Corporations and wealthy countries are experimenting with building cities from scratch, many designed along sustainable principles. What must they do to make these places interesting and not just empty green office parks?
The industrial production of urban space and facilities, with no matter how many bells and whistles, is not the same as the more self-built production of an urbanism by a city-building community. An urbanism, as I define it, is the ways that specific city-building communities design, build, govern, and co-locate activities in customized places to support their specialized forms of production and living. In other words, robust urbanism is user designed and often user built.
Think of our central business districts, port districts, university districts, entertainment districts; or of the bazaar districts of Asia. These are the true centers of commerce, culture, and often political power in our societies. There was no build-it-and-they-will-come aspect to them. They were built with purpose, and strategy, and with a honed sense of what makes them thrive and what undermines them. It is great to be a big company or big government and to have the capital and muscle to launch a big idea about some new kind of urban product on a piece of urban soil, but that does not often engender the formation of an urbanism, or what you might call a living, interesting place.
We’re seeing the emergence of municipal foreign policies. Does this operate at some level other than attracting investment? Can cities advance international cooperation on problems like climate, rights, human trafficking?
Cities have been involved in foreign policy since they first came into existence. The urban economic process that I’ve described as extension—using the robust economics and commerce of a city to pursue worldwide strategic interests—is core to what cities are all about. Cities are vehicles of strategy in human enterprise. Think of the origin of Chicago. The Chicago project was always about, and continues to be about, a commercial-political community creating a hub of global commerce—whether involving the construction of a hub for the Great Lakes shipping system, for the American railroad system, or for global air travel.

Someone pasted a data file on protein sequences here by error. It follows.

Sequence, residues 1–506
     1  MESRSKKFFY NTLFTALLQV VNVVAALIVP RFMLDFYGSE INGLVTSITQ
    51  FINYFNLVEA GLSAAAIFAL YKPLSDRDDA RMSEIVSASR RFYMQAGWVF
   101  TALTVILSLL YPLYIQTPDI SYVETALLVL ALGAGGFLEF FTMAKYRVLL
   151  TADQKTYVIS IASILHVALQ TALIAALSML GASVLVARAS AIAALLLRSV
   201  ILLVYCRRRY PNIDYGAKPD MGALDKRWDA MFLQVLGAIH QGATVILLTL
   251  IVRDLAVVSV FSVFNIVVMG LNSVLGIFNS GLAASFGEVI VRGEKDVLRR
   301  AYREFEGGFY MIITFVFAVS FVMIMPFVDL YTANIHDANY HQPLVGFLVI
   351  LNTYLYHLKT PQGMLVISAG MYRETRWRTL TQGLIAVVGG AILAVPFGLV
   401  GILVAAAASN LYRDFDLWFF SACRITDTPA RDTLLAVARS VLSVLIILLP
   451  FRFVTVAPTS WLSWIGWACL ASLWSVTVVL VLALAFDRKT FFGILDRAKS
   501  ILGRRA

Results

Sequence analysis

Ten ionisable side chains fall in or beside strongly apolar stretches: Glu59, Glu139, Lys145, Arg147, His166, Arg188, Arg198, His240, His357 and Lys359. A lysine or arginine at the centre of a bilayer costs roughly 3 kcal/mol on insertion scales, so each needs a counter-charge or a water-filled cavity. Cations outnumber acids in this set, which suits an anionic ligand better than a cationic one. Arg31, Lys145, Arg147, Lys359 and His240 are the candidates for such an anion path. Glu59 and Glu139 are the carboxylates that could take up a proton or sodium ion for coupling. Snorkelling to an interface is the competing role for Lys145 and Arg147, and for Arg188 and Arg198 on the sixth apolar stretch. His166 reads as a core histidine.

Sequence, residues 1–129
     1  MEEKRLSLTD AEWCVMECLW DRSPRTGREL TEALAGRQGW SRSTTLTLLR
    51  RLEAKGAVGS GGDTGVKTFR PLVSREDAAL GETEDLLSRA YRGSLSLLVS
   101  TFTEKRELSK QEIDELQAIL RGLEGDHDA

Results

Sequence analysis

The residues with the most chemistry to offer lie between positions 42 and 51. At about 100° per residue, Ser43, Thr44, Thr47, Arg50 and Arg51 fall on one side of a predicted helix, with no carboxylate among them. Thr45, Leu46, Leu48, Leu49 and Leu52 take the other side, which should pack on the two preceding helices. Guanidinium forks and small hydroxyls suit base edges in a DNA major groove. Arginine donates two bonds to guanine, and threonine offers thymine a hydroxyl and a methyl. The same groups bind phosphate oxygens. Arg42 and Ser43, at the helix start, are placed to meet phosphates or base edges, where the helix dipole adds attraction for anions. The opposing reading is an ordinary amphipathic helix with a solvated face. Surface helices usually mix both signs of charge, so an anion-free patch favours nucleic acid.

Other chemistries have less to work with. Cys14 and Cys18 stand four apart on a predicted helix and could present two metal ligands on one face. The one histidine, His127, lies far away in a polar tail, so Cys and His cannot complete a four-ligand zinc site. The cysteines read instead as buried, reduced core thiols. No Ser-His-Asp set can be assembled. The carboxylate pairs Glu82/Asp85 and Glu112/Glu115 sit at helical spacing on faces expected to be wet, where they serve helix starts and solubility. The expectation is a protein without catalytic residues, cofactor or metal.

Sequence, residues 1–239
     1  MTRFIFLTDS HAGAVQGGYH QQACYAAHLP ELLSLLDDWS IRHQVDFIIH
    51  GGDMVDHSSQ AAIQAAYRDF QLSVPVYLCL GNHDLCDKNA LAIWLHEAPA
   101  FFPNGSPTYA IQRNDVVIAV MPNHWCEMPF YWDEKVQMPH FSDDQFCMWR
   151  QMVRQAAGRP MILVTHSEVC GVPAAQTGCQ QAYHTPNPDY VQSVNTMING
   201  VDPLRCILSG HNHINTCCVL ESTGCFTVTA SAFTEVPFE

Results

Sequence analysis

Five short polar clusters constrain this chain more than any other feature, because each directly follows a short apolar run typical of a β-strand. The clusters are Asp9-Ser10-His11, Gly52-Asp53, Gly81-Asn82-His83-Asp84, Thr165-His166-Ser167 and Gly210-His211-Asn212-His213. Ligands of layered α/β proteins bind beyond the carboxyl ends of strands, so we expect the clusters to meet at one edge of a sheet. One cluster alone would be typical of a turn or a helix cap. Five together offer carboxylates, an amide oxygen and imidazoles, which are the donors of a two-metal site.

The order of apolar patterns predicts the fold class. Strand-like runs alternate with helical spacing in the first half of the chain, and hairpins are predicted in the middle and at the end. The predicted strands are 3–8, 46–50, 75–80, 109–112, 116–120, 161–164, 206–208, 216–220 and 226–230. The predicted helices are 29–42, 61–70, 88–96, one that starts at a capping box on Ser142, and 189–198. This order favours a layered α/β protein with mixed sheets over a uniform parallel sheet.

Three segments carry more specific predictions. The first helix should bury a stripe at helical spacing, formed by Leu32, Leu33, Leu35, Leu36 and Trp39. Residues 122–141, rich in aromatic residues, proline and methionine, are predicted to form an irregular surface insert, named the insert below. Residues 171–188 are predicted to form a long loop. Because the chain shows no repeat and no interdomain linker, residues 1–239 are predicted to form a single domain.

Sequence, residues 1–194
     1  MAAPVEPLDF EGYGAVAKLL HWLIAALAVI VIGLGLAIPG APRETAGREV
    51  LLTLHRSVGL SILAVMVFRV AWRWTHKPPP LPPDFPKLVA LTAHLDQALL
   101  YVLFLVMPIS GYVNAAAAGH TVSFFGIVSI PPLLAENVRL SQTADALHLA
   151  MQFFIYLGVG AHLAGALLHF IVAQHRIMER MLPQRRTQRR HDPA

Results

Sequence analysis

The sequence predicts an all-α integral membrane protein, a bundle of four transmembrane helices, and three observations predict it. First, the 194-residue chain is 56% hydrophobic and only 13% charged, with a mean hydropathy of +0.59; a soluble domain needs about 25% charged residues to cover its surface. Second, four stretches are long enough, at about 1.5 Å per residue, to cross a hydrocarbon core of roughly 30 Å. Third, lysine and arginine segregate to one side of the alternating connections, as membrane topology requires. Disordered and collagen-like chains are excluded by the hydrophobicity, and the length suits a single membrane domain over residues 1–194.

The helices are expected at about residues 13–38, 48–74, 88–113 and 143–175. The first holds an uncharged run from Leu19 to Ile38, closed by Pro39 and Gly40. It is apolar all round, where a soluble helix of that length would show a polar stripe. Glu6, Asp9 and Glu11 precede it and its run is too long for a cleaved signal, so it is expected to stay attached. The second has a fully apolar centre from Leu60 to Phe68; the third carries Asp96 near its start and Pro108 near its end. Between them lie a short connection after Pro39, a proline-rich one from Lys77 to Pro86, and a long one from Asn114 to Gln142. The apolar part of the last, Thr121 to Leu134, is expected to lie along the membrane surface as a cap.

What has changed is that city governments and other urban organizations are getting strategic together about their foreign policy ambitions in addition to their commercial ones. This activity, which started in the United States in the 1980s, when the term “municipal foreign policy” was coined, reflects the emergence of the global City as a highly connected self-aware system. “Think Global, Act Local” is another, popular expression of this awareness in highly urbanized societies. Cities are now connecting to achieve strategic political and social purposes.
This reflects our knowledge that the City is the system that needs to be changed. For instance, if you want to reduce global greenhouse gas emissions by 20 percent internationally, you’d better be working in coordinated fashion to change the City system that accounts for 60 to 70 percent of global energy end use. For legacy reasons, city governments are closer to the levers of the required change than the national governments that negotiate international climate policy, so city governments have been taking coordinated action together since 1989, before the UN-sponsored negotiations began, and long before the popular recognition of the problem in this decade.
Note that all this municipal foreign policy—cities creating policy-driven sister city relationships, divesting from Apartheid South Africa, developing local climate action plans—began before the Internet was a functioning system even in the United States. The story is similar in other areas of global strategic concern.
This article originally appeared in Policy Innovations. It is licensed under a Creative Commons Attribution-Noncommercial-No Derivatives license. The original article can be viewed here.